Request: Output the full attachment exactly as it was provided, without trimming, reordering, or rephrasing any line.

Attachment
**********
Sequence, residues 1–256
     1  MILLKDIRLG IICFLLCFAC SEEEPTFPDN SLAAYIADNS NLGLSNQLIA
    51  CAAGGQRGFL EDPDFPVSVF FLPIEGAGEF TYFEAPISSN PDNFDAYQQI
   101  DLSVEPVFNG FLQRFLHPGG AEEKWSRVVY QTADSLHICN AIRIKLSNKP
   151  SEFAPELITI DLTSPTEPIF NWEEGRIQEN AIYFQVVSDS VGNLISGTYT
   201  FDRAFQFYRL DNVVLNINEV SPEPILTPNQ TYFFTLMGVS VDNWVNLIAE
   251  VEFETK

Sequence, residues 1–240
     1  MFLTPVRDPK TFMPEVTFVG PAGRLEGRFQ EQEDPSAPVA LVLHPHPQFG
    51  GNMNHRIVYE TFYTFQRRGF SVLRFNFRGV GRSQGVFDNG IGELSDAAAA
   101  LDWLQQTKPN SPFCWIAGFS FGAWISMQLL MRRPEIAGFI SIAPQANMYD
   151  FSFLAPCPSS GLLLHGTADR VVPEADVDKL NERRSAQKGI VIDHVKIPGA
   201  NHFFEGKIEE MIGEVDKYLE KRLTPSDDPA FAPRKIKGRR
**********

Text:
Sequence, residues 1–256
     1  MILLKDIRLG IICFLLCFAC SEEEPTFPDN SLAAYIADNS NLGLSNQLIA
    51  CAAGGQRGFL EDPDFPVSVF FLPIEGAGEF TYFEAPISSN PDNFDAYQQI
   101  DLSVEPVFNG FLQRFLHPGG AEEKWSRVVY QTADSLHICN AIRIKLSNKP
   151  SEFAPELITI DLTSPTEPIF NWEEGRIQEN AIYFQVVSDS VGNLISGTYT
   201  FDRAFQFYRL DNVVLNINEV SPEPILTPNQ TYFFTLMGVS VDNWVNLIAE
   251  VEFETK

Sequence, residues 1–240
     1  MFLTPVRDPK TFMPEVTFVG PAGRLEGRFQ EQEDPSAPVA LVLHPHPQFG
    51  GNMNHRIVYE TFYTFQRRGF SVLRFNFRGV GRSQGVFDNG IGELSDAAAA
   101  LDWLQQTKPN SPFCWIAGFS FGAWISMQLL MRRPEIAGFI SIAPQANMYD
   151  FSFLAPCPSS GLLLHGTADR VVPEADVDKL NERRSAQKGI VIDHVKIPGA
   201  NHFFEGKIEE MIGEVDKYLE KRLTPSDDPA FAPRKIKGRR